Amazon Simple Workflow Service Orchestrates AWS Cloud Applications

Last Wednesdsay, Amazon Web Services announced the availability of the Amazon Simple Workflow service that allows developers to automate and orchestrate discrete programming tasks in order to more effectively manage complex development ecosystems. AWS CTO Werner Vogels summarized the new workflow service in a blog post as follows:

Amazon Simple Workflow enables applications to be built by orchestrating tasks coordinated by a decider process. Tasks represent logical units of work and are performed by application components that can take any form, including executable code, scripts, web service calls, and human actions. Developers have full control over implementing and orchestrating tasks, without worrying about underlying complexities such as tracking their progress and keeping their state.

Developers implement workers to perform tasks. They run their workers either on cloud infrastructure, such as Amazon EC2, or on-premise. Tasks can be long-running, may fail, may timeout and may complete with varying throughputs and latencies. Amazon SWF stores tasks for workers, assigns them when workers are ready, tracks their progress, and keeps their latest state, including details on their completion. To orchestrate tasks, developers write programs that get the latest state of tasks from Amazon SWF and use it to initiate subsequent tasks in an ongoing manner. Amazon SWF maintains an application’s execution state durably so that the application can be resilient to failures in individual application components.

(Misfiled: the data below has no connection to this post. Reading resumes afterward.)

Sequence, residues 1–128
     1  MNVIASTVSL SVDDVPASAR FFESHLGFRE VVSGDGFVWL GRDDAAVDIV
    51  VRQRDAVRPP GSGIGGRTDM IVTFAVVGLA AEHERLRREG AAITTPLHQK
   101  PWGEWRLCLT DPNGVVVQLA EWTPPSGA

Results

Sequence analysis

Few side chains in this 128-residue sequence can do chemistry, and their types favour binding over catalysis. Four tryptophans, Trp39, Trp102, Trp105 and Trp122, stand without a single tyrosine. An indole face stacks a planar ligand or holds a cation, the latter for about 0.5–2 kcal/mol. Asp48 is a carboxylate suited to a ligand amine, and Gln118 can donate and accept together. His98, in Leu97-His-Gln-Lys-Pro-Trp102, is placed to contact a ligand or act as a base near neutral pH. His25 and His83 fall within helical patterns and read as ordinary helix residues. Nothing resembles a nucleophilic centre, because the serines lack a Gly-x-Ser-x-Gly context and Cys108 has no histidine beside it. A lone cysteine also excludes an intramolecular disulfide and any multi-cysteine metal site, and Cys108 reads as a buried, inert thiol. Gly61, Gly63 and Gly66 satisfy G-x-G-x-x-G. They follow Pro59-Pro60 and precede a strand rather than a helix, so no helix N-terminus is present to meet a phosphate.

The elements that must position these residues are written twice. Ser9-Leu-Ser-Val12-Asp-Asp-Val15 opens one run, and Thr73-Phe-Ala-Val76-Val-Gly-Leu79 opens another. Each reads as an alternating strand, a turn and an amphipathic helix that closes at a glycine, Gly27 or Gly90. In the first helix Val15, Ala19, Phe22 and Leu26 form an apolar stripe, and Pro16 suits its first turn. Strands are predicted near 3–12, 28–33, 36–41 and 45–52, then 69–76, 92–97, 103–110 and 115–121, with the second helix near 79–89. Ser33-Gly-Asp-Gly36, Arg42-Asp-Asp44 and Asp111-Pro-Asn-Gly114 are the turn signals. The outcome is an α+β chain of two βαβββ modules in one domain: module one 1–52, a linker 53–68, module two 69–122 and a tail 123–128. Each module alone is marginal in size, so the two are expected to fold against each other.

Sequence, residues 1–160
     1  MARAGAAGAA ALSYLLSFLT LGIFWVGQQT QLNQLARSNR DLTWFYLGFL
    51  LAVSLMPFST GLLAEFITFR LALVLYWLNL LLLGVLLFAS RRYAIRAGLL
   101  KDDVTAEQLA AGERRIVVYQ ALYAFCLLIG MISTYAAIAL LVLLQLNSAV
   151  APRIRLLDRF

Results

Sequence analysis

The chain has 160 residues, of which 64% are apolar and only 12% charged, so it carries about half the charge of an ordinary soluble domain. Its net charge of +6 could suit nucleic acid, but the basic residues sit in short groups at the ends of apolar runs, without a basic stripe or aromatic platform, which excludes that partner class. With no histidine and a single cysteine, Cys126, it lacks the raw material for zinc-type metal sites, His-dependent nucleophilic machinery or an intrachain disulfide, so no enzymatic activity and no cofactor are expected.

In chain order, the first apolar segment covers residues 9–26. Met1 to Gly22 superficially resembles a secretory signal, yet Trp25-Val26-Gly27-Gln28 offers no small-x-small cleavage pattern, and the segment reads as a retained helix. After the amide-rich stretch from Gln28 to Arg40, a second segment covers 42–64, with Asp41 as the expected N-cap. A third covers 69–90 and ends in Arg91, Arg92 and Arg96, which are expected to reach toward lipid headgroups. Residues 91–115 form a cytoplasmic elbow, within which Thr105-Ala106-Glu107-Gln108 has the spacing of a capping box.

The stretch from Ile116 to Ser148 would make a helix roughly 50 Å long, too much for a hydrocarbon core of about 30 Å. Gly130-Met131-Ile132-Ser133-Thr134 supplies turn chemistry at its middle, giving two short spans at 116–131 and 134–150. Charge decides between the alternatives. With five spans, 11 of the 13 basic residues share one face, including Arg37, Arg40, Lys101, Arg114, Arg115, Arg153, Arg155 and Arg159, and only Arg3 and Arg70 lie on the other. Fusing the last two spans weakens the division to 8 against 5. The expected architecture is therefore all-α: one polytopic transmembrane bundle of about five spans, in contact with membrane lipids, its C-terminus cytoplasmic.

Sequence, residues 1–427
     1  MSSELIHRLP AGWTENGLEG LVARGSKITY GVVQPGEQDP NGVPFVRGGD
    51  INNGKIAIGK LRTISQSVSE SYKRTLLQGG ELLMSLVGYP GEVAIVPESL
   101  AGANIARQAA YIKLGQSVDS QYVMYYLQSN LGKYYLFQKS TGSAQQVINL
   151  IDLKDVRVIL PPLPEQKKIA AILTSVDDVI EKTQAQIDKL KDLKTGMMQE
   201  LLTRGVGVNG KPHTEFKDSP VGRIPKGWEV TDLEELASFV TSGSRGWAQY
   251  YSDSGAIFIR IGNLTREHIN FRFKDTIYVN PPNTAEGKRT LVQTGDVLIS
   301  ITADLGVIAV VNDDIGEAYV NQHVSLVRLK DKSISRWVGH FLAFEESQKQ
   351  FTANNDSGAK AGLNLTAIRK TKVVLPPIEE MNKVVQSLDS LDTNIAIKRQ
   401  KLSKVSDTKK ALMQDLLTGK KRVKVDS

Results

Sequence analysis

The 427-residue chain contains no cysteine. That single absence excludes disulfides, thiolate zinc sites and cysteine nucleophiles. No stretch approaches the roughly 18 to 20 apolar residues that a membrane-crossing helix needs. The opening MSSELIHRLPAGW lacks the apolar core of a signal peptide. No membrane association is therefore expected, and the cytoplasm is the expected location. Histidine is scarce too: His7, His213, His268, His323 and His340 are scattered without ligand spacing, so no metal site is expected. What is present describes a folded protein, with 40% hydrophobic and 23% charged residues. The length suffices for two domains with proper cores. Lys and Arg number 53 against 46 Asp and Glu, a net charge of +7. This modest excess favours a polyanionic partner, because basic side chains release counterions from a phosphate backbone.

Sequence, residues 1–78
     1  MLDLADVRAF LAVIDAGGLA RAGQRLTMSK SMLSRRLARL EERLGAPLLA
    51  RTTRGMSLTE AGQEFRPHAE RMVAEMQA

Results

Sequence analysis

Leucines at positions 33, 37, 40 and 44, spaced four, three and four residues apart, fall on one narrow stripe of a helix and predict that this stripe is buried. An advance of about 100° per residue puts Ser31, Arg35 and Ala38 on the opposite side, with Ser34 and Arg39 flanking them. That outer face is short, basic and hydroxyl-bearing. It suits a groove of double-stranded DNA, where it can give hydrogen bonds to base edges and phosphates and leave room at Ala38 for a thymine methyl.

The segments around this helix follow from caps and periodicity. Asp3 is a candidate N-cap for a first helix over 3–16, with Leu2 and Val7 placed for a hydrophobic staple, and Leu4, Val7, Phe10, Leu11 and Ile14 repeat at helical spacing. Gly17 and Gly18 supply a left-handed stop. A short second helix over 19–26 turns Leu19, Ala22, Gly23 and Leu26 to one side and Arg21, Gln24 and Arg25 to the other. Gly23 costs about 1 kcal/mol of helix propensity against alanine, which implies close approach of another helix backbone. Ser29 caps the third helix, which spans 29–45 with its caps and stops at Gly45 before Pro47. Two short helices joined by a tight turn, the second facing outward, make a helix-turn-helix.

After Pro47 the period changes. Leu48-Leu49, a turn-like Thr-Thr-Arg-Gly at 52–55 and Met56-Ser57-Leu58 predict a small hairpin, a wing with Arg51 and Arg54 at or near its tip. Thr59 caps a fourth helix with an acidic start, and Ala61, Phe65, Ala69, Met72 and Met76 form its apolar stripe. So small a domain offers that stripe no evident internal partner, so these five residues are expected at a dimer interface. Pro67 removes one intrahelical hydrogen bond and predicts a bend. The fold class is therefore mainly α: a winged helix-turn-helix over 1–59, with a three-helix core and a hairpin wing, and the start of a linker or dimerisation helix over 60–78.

The Simple Workflow Service features the following components:

• Domain, defined as a set of related workflows
• Workflow, understood as the automation of a business process
• Deciders, that orchestrate qua manage and sequence tasks
• Tasks, that constitute “logical units of work”

At one level, Amazon Simple Workflow represents a brilliant solution to the problem of orchestration. Deciders manage dependencies between tasks and manage task scheduling and the concurrency of simultaneous, inter-related processes. As Chirag Mehtra notes, however, the Simple Workflow solution may be viewed as another service that increases vendor lock-in with respect to AWS given that the orchestration specific to their application ecosystem runs within a managed service offering uniquely configured by Amazon Web Services. Developers seeking to migrate an application from AWS to another cloud environment will need to rebuild the orchestration apparatus architected using Simple Workfow in order to enjoy the benefits of automated workflow coordination and management.


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